Annual Reports

Please click on the links below to see our previous annual reports:

Annual report - 2010

Past Events

Please click on the links below to see reports of our previous events:

The New Glen Sannox Revealed Brodick Ferry Terminal Annual Conference 2014 Tim Pomeroy Neil Sutherland Alastair McIntosh


You can view the reports of our previous excursions here.



!Arran Civic Trust hosted a meeting with James Anderson Director of Vessels at CMAL, and Lewis Hammell also a ship’s architect with CMAL. The new ship, built at Ferguson’s Yard, and recently launched, is now being fitted out. James explained the reasoning behind the challenge to both meet the increasing demand on the Brodick to Ardrossan route, due in part to RET, as well as to be a more fuel-efficient vessel with new technologies on board to ensure reliability. It was a fascinating illustrated talk, with enthusiastic and informed presentations from both James and Lewis.

The main hull of steel and the superstructure of aluminum is designed to meet expectations over the next 35 years service life with 1000 passengers, 34 crew cabins, and a ship capable of carrying130 cars with an open aft deck for hazardous cargo. There will be four passenger lifts from the car decks and we were assured there will be enough room to get out the cars once parked on the car decks. The Glen Sannox will be able to be used on all CalMac routes.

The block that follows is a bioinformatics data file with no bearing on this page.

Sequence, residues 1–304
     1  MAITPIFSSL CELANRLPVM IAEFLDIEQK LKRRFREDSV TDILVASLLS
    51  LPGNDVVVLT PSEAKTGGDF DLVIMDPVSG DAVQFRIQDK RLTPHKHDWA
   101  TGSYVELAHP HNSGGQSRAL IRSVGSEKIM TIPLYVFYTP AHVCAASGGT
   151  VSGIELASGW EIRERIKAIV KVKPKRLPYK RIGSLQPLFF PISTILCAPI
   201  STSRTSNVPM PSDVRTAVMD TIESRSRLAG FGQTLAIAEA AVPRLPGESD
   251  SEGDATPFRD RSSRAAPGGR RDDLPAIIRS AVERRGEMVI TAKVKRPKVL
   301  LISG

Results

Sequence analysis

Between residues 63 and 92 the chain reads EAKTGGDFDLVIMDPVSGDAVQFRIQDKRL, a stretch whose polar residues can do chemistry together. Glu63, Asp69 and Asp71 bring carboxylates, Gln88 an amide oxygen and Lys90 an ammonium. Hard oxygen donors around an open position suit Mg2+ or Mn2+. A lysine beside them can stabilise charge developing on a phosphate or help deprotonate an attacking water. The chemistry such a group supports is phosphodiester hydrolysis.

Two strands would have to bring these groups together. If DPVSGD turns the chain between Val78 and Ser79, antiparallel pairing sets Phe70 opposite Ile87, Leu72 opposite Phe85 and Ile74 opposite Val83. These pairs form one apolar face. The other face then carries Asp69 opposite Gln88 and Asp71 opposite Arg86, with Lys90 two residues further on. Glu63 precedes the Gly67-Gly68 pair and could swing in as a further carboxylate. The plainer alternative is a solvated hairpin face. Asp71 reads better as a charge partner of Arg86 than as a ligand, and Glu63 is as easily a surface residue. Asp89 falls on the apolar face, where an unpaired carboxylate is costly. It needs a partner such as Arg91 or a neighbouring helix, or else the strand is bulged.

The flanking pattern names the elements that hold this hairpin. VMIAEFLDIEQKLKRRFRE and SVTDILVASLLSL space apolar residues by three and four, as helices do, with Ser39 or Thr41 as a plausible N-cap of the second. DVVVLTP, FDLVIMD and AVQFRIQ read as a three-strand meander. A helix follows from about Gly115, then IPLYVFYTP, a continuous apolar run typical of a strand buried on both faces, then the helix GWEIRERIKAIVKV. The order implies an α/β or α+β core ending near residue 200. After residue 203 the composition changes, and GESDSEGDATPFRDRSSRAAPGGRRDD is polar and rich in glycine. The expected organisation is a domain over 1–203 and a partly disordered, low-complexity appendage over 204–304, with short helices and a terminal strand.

On the performance side, emissions will be reduced by 66%. The Liquified Natural Gas (LNG) will be stored in a tank weighing 100 tonnes and initially the LNG will come from the Isle of Grain. The ship will have 2 main engines and 3 auxiliary generators. Three bow thrusters will assist docking.

Lewis explained the layout of the ship. There will be a much larger and more comfortable medical transfer room for patient and family, even with a television. There will be five areas for passengers, fore and aft lounges on level 5, each holding 250, observation lounge on level six for 260 and 2 exterior decks, one covered for 122. Also included cafeteria and shop, video gaming area and two pet areas. Provision of a bar facility is still under discussion.

There will be much better lower windows to enable passengers to take in visual surroundings from the ship when they are sitting down, so a major improvement on the Cally Isles.

The ship we were assured will turn on a ‘sixpence’, deal with 50knots of wind and have great maneuverability. It is 102.4m long compared to the Cally Isles of 94m, so there were questions about Ardrossan. CMAL, Peel Ports and the Scottish Government are in weekly discussions about Ardrossan and potential access systems. The simulator for training is continuing to be developed and discussions about Ardrossan Harbour are on-going.

This was a fascinating insight into the new ferry due to enter service in 2019.

J Inglis, chairman.



A letter to CMAL on behalf of the Arran Civic Trust



The Arran Civic Trust considers that the overall size of the building is excessive for our small island. The island population is falling and, although Arran is popular during the spring and summer with a small, steady flow of visitors throughout the year, the existing terminal building is easily capable of dealing with the through flow, except occasionally at peak periods. It is evident, studying the plans, that the design was originally for a much larger population. It follows that substantial cost savings could have been made by matching the design to the population.